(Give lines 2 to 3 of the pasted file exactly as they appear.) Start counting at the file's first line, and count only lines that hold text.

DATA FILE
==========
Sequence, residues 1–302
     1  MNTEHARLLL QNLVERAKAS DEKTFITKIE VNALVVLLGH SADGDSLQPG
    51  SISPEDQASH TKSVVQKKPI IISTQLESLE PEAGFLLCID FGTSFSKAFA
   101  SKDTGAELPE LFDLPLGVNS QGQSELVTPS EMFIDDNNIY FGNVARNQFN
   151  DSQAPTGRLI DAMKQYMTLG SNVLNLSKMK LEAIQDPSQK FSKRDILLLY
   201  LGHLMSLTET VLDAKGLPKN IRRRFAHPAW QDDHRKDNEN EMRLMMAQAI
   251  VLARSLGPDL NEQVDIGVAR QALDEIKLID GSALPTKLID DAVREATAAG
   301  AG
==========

     1  MNTEHARLLL QNLVERAKAS DEKTFITKIE VNALVVLLGH SADGDSLQPG
    51  SISPEDQASH TKSVVQKKPI IISTQLESLE PEAGFLLCID FGTSFSKAFA